Why supporting SMEs is important؟

SMEs have a various capability for creating economic development and in countries. These enterprises not only raise and develop employment and produce the needed goods, but also can enter to the global market, increase exports and provide foreign currency.

Due to their size, SMEs can attract the private sector for further investments. Moreover, as most smes may act in similar fields, the competitiveness created in the market may decrease the monopoly of large enterprises. Global statistics also indicate that improving the SMEs is an outstanding model for development of economic activities, decreasing poverty, resolving unemployment problem as well as modification of economic structure.

According to the European Union SMEs are the engine of the European economy.  Statistics also prove that in 2013, over 21 million SMEs created around 88 million jobs throughout   Europe. Nine out of every 10 enterprises in Europe is categorized as SMEs and they generate two out every three jobs.

Thanks to the role of SMEs in economy, many countries have supported SMEs in different ways, making efforts to raise the efficacy and growth of these enterprises. Supporting smes can be either regardless of their activity, or focused on the special filed they work in. Moreover, these supports could be performed as in form of passing regulations and rules or establishing   institutions and organizations.

To encourage and support SMEs is also usually through affaires like education and training, consultancy, financial affairs such as loans and financing, tax exemption, from which finance is more effective.

Supporting SMEs, in reference to international organizations and regional associations

In line with their objectives, international organizations provide aids for SMEs which mostly include operational programs or training and consultation courses. For instance, the World Bank has allocated loans and finances to SMEs and has performed supporting plans in Lebanon, Jordan, Ethiopia, Nigeria, and Bangladesh.

The European Union, as a constant supporter of entrepreneurship and employment, has presented protective plans for SMEs and superintends the way they are performed. ” European Investment Bank” and “European Investment Fund” are two European institutions which are in charge of performing the financial plans concerning SMEs. Furthermore, the European Commission has also enacted more supporting programs through granting accessibility to the local financing institutions for SMEs. Such financing includes facilities as well as loan, guarantees, and microfinance (specifically for low-income applicants). These types of financing also bear advantages like extra loan amounts and lower commitments for borrowers.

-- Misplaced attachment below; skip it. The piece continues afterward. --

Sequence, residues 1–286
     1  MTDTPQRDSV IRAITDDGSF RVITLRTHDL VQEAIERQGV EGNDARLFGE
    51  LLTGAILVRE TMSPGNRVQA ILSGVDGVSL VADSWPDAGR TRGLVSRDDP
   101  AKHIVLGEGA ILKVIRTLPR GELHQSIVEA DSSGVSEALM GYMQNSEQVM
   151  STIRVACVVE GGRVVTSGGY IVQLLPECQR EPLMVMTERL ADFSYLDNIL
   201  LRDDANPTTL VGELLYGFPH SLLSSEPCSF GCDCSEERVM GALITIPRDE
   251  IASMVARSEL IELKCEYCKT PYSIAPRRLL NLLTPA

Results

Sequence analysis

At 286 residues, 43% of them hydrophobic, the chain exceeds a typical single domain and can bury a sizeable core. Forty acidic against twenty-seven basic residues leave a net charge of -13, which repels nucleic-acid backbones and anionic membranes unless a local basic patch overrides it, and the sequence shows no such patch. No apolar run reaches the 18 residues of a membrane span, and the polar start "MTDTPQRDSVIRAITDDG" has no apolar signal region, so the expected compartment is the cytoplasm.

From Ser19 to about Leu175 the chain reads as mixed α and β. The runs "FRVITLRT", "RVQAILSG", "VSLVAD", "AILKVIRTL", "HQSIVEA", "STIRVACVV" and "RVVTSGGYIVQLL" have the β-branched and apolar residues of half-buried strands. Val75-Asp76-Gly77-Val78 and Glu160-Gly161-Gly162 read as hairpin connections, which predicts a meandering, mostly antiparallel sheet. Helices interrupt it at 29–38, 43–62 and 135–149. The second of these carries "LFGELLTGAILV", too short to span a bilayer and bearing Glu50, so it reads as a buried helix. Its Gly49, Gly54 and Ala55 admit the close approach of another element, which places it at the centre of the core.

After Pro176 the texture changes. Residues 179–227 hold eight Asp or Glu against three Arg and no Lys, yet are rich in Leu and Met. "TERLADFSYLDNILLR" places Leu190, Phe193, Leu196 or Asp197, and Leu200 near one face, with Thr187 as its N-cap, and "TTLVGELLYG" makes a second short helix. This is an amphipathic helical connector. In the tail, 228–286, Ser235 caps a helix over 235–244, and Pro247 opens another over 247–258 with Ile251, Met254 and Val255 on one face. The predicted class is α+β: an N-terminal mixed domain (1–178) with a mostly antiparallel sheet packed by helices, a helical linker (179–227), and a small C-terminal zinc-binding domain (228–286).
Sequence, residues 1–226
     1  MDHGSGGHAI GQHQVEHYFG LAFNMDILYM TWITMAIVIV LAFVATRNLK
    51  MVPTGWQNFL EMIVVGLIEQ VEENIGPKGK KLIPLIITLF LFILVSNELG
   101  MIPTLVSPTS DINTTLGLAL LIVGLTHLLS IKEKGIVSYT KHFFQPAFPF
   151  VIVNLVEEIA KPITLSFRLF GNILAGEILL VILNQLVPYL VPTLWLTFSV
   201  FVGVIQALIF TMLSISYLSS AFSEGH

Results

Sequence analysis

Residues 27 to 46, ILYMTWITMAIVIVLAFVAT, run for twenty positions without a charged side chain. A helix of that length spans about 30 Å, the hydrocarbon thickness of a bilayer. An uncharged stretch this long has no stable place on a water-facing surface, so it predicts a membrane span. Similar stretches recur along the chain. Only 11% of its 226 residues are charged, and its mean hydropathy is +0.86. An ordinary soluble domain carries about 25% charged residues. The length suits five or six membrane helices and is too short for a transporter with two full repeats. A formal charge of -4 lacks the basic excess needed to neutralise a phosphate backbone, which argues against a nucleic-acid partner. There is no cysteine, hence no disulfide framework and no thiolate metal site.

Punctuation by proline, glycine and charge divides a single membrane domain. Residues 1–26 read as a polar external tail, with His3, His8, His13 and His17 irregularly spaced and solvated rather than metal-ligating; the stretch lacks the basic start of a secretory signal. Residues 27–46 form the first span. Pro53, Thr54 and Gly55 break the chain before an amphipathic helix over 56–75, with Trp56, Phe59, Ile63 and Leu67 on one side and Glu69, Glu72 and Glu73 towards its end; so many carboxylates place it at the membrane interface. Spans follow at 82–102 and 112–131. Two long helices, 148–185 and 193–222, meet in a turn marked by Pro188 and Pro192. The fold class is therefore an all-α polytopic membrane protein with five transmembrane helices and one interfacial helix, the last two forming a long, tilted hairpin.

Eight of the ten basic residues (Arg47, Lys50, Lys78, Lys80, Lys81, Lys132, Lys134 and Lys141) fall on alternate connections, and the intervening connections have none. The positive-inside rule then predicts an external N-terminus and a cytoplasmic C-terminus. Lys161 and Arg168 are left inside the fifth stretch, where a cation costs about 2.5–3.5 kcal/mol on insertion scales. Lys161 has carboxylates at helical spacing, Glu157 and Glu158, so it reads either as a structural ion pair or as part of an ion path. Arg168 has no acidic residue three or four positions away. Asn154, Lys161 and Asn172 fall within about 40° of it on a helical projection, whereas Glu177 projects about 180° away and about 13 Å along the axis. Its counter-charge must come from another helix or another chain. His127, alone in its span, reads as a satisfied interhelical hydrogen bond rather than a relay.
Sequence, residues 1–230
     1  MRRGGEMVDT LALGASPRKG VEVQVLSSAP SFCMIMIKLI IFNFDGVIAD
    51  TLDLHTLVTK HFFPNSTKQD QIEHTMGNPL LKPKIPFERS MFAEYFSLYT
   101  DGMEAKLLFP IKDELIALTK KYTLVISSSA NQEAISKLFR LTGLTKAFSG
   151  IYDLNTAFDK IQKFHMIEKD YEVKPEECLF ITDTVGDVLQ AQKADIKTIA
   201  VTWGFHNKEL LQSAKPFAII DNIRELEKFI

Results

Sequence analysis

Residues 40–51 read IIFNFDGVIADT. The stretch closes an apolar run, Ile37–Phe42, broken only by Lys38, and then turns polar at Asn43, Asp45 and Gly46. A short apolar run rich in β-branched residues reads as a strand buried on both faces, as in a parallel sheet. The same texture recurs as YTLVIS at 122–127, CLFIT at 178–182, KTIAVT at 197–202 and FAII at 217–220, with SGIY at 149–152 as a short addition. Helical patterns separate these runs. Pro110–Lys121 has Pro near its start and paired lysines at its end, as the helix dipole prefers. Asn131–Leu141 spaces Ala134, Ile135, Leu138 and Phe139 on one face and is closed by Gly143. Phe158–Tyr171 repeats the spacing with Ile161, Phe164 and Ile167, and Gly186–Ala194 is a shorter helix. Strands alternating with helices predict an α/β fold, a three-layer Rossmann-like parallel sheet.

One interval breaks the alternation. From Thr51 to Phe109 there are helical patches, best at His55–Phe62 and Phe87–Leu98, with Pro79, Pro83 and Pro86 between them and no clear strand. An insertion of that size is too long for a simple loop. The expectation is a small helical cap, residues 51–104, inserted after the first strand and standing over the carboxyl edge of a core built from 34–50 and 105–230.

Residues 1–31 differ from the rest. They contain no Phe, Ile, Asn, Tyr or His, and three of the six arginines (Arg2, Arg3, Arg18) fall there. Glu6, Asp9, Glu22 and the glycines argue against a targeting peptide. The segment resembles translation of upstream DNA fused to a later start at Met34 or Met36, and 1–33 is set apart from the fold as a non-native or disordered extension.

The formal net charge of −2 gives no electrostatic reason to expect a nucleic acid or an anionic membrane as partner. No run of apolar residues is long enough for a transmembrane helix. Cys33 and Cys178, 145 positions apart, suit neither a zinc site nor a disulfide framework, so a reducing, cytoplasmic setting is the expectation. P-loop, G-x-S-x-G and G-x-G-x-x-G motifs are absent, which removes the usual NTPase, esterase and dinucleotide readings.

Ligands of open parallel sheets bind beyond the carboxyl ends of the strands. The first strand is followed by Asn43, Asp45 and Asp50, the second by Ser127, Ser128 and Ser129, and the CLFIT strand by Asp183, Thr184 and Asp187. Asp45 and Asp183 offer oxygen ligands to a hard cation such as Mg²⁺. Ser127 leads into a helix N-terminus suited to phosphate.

Another assisting  plan is “Innovfin”, standing for ” finance for innovators”, the joint project of European Investment Bank and European Commission which has been presented in accordance with “Research and Innovation program Horizon 2020”.” aiming to render consultation  and financial services to research and development plans for SMEs. In addition, European Union has concentrated on vast comprehensive credits for SMEs damaged by Corona-virus pandemic.

National supports for SMEs

Countries have also assisted SMEs in local level, with respect to their economic goals. For example, the US has taken some initiatives in its banking system for supporting SMEs in addition to enacting laws and regulations. Rules such as “small business act”, “small enterprise investment act”, “small enterprises employment act”, “small enterprises investment corporations act”, are some acts approved for supporting SMEs in the United States. Moreover, the ” Small business administration” acts as a policy making supportive authority for SMEs in the United States.

The SBA’s plans are generally referred to as “access to investment plan” and its key part is to guarantee the facilities and loan payment to the turn over capitals up to five million dollars allocated to small enterprises.